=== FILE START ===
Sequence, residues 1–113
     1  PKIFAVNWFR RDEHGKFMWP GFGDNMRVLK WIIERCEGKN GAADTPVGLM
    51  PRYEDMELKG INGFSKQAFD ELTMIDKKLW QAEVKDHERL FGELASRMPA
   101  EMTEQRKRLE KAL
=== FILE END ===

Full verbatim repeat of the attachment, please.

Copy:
Sequence, residues 1–113
     1  PKIFAVNWFR RDEHGKFMWP GFGDNMRVLK WIIERCEGKN GAADTPVGLM
    51  PRYEDMELKG INGFSKQAFD ELTMIDKKLW QAEVKDHERL FGELASRMPA
   101  EMTEQRKRLE KAL